This device was somewhat dated when I purchased it, in July, which is one reason the price was so reasonable, $139. In this review I will consider the device only from the point of view of my own use pattern. Tablets to me are eReaders. I don't care to watch video on them, so I will not evaluate that function. I also don't care to write longish pieces on them, so will only consider the input function in passing. It is the reading function that is primary to me and what I will focus on. I do sometimes listen to music when reading. At home I've used Spotify on the device and that has worked well. On my latest trip, however, I opted not to listen to music while reading. That was, in part, because I was traveling with the family and wanted to more alert to what is going on. It was also a little bit of an experiment to see whether the reading benefited or not without having the music.
For me this device was a replacement for the original iPad I had that reached end of life. That is how the review will be framed.
I have come to like the Kindle Fire for its size and weight. The screen is big enough for it to feel like reading a book and not like rapid page turning, as on a regular size phone. Initially I had some trouble with how to hold the thing. I like it to be in landscape mode. When you do that, on one side of the device in the back is the power on/off button. On the other side is the volume control for the audio. If you hold the device on the side, you're apt to push one of those buttons, which is the pain.
I've found that if you hold the device on the bottom in the middle, between your thumb and index finger, that works pretty well. It also has the feel of reading a paper if, like me, you didn't worry about breaking the binding while reading the book.
I want to contrast this with how I read on the iPad, where the device typically would rest in my lap, because it was too heavy to hold up with my hands. As a result my neck would be stressed as my head would be looking down toward my lap. Given my arthritis, this really isn't a good thing to do for very long. Holding the device closer to eye level is much better and that is easy to do with the Kindle Fire.
Other things I like about it
The navigation scheme to find the functionality you want is pretty easy to learn. The tool for handling network connections works well. The built in browser, called Silk, has nice function and there is a way for it to display just the article you are currently reading and not other stuff on the page, so it is not bad as a reader. The email tool works fine. Font size in all the applications is quite reasonable.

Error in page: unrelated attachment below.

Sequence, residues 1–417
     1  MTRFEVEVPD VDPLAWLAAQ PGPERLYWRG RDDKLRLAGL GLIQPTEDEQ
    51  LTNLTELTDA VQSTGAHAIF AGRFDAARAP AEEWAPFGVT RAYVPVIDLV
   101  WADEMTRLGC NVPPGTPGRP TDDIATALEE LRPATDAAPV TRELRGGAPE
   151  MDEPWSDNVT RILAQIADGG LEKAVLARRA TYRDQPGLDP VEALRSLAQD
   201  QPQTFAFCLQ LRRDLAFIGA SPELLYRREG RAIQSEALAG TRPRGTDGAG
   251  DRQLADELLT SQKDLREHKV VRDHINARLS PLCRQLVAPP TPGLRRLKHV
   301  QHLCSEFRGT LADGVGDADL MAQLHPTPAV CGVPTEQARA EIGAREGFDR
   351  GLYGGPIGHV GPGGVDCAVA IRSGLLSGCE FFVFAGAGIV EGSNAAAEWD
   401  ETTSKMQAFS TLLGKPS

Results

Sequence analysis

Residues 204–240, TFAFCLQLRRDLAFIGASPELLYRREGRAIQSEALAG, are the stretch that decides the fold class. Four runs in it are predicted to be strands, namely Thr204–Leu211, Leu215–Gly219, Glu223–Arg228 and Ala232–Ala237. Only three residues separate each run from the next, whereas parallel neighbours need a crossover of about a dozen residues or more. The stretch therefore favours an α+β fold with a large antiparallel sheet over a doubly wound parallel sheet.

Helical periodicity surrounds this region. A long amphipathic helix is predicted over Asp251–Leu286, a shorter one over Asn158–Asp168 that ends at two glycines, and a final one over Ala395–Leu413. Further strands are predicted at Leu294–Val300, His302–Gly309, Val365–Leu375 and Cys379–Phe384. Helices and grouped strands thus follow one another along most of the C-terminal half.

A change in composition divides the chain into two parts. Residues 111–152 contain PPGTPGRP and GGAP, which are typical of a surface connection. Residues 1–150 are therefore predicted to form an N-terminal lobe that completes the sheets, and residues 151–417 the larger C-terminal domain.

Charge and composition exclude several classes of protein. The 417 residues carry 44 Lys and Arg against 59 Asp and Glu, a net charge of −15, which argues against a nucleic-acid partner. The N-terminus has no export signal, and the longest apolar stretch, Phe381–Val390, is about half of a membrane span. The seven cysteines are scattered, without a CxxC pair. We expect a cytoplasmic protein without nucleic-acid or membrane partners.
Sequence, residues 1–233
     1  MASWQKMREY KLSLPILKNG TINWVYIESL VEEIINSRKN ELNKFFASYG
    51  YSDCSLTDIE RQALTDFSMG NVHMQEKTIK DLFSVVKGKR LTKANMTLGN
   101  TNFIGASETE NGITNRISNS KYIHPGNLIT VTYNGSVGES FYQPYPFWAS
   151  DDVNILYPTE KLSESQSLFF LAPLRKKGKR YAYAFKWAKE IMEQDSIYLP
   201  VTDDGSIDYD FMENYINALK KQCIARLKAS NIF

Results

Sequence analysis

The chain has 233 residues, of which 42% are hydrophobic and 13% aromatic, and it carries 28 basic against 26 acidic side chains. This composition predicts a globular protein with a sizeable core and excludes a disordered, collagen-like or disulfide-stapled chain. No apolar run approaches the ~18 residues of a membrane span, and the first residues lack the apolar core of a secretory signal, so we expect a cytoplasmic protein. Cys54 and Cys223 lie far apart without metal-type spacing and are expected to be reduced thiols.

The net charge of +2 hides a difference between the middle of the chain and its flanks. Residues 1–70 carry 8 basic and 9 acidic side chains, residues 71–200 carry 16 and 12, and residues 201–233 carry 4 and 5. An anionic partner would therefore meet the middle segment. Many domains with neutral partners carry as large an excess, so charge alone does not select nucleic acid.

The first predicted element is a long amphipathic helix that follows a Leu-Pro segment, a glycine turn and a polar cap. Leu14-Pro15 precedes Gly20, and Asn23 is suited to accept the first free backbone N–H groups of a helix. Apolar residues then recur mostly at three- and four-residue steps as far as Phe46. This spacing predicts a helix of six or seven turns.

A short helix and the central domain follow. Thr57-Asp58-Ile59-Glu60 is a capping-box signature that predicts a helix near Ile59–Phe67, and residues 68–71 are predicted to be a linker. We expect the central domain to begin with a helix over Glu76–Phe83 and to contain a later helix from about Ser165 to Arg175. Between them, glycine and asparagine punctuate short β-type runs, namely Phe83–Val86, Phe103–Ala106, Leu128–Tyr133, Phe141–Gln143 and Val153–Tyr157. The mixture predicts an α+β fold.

You buy this things, of course, because you read Kindle books. The current book you are reading displays with the main applications. That is nice, so you have quick access to it.
A few complaints
If you want to put the screen to sleep, you do that with a quick tap of the power button. Fine. Another quick tap brings up a screen that has ads on it, where you need to slide a bar to access to the home page. The time and the amount of power left on the machine is on the page with the ads, not on the home page. I didn't mind the ads per se, but one in a while I do want to know the time and how much juice the thing has left in it. That functionality really should be on the home page. That it is on the page with ads makes you feel like the did that so you'd see more ads. That was irksome.
In the Kindle application itself, sometimes the word lookup function would launch itself when I didn't intend it. My sense of this is that by holding the device at bottom center, I would put a fair amount of pressure there and sometimes must have made the device think I was putting pressure on the screen, though I wasn't doing that. In contrast, however, when I did try to use the word lookup function and the word in question was somewhere near the middle of the screen, I couldn't activate the lookup function then. Similarly, I had trouble with copy, particularly of a url, though I've also had that trouble on my phone and on the iPad.
Once in a while when trying to find the home screen, the device would seemingly take you to a different screen that had more limited options. I never found a direct way back to the home screen. Instead, I would launch an application and from there go to the home screen.
Traveling without a Laptop
For composing short email or writing a quick Facebook status update, the Kindle Fire is fine. The built in keyboard is adequate and even with the smaller screen there is enough area displayed to make the writing task not too arduous. If you want to longish blog posts, such as this one, that would be painful on the Kindle Fire. On my most recent trip I didn't expect to do any longer writing. The no laptop concept worked well that way and using a very small bag (to hold the power cords of both my iPhone and the Kindle Fire, the devices themselves when not in use, and my sunglasses) really is nice. That sort of bag fits in the pocket under the tray table on the plane. It is very convenient. For short trips, this is the way to go.